Now the server is ready to accept client connections through the web socket protocol. As soon as one of the clients described below has subscribed to this server messages can be published by calling the Root.notify() method. Since it is exposed it is possible to call it from the command line with

curl localhost:9000/notify?msg=HelloWorld

Of course wget works as well.

A pure Python client

The Python client's code is quite short. ws4py provides three sample client implementations, the threaded one has been chosen for this example. The others are using gevent or Tornado.

from ws4py.client.threadedclient import WebSocketClient

class Subscriber(WebSocketClient):
    def handshake_ok(self):
        self._th.start()
        self._th.join()

    def received_message(self, m):
        print "=> %d %s" % (len(m), str(m))

if __name__ == '__main__':
    ws = Subscriber('ws://localhost:9000/ws')
    ws.connect()

The method handshake_ok() has been overridden to keep the thread stored in self._th running continuously (the original implementation quits after one second). After the Subscriber-class has been instantiated it connects to the cherrypy server. Whenever the server sends a message it will be delegated to the method received_message() where it gets printed to stdout.

Just store this code into a file, e.g. ws_subscriber.py and start it in from a new shell. The cherrypy server should print a message to the console that it received a web socket connection.

Now again call the notify-method in the server:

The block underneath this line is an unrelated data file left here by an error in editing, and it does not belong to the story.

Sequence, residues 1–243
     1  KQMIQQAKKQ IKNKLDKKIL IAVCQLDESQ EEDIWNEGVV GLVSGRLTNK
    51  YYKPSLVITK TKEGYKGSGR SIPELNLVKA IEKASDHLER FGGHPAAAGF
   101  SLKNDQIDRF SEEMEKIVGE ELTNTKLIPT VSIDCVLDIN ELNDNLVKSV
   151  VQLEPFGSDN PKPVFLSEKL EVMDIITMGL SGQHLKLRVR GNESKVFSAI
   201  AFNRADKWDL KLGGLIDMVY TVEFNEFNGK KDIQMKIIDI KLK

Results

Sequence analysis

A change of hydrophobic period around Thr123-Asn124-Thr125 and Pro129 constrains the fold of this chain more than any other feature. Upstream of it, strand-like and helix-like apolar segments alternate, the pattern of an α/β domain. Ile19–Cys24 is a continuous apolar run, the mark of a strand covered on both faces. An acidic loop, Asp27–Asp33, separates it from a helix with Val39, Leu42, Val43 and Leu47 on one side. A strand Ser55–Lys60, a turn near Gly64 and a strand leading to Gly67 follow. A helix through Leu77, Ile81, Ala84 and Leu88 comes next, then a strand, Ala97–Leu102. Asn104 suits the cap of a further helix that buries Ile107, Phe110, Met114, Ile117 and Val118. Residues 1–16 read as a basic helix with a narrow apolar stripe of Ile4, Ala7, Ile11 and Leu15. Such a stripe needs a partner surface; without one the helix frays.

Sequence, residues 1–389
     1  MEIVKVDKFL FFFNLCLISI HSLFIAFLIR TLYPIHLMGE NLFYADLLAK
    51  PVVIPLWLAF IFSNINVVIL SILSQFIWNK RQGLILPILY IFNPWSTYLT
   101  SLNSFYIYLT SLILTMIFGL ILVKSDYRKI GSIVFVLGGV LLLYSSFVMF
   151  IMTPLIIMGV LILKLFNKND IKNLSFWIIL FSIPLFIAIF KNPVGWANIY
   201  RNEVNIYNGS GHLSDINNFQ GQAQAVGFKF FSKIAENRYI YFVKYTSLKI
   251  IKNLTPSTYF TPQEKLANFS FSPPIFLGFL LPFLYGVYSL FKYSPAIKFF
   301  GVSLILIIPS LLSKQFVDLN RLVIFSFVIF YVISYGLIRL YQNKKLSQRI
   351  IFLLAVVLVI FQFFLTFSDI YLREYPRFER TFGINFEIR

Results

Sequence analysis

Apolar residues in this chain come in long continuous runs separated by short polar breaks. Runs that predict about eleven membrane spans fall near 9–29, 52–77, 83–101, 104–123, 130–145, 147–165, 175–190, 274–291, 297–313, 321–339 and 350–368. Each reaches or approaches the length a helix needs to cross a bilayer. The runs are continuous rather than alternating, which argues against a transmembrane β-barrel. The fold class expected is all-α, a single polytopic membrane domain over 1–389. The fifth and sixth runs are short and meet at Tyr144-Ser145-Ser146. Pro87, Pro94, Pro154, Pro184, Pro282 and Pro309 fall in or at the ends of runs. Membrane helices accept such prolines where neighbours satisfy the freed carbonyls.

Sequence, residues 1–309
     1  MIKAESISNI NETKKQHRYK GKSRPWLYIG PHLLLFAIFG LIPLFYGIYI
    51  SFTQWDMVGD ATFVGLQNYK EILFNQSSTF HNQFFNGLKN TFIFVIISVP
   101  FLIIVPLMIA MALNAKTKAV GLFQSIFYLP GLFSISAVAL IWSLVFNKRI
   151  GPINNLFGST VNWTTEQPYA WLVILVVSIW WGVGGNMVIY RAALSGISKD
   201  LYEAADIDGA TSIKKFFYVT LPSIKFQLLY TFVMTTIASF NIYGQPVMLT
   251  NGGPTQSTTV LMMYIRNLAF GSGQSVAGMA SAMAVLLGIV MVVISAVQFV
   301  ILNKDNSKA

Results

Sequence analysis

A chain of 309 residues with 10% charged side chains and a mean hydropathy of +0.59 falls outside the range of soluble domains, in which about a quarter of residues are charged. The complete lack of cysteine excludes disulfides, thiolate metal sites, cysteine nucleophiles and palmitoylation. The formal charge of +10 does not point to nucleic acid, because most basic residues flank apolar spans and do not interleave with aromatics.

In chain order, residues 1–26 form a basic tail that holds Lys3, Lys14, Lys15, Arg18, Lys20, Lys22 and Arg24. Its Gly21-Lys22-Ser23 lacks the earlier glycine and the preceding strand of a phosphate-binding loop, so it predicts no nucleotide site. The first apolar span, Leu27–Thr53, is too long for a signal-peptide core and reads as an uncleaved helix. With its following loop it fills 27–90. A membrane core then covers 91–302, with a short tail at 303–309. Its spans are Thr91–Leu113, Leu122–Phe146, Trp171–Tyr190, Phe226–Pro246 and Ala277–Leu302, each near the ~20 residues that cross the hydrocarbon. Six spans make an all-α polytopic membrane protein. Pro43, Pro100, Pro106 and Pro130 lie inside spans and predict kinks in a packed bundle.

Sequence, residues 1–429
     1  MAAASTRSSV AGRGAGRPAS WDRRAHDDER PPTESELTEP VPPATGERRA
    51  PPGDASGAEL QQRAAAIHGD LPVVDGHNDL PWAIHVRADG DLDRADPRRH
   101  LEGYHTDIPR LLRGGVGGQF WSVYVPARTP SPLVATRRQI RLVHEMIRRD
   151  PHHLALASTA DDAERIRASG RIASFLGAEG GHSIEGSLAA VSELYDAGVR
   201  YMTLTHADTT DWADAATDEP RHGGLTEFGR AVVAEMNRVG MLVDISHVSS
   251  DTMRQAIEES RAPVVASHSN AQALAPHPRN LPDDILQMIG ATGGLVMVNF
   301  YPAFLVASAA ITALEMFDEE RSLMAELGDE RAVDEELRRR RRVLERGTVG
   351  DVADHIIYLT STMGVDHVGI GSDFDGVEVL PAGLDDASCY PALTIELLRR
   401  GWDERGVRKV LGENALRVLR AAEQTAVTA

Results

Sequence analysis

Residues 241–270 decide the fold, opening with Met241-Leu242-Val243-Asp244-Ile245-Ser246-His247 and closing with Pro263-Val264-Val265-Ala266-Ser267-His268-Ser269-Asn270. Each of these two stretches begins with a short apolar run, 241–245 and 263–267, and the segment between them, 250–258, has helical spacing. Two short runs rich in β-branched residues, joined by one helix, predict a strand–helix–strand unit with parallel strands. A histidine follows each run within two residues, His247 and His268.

curl localhost:9000/notify?msg=HelloWorld

and the python client should print your message to the screen.

A web socket client in Firefox

This browser client uses the web socket protocol built into Firefox. The example below works for me in FF14, it failed for FF8. I'm not sure which version of Firefox starts to support it. Safari version 5.0 also fails. IE has not been tested.

<html>
  <head>
    <script>
      var websocket = new WebSocket('ws://localhost:9000/ws');
      websocket.onopen    = function (evt) { console.log("Connected to WebSocket server."); };
      websocket.onclose   = function (evt) { console.log("Disconnected"); };
      websocket.onmessage = function (evt) { document.getElementById('msg').innerHTML = evt.data; };
      websocket.onerror   = function (evt) { console.log('Error occured: ' + evt.data); };
    </script>
  </head>
  <body>
    <h1>Websocket demo</h1>
    Message: <span id="msg" />
  </body>
</html>

At load time a Websocket-instance is created and event handlers are installed. The interesting one is the onMessage-handler: it is called for each message received, it copies the message into the SPAN element and thus makes it visible.

Make sure to store this html page in the same directory as the ws_server.py above since we are going to open it through cherrypy's index method. For this to work it has to be named ws_browser.html. Now open Firefox and direct it to http://localhost:9000. You should immediately see this page. The SPAN element should be empty.

Again repeat the curl or wget command in your shell and both the python client (if it is still running) and the SPAN element should display your "HelloWorld" message.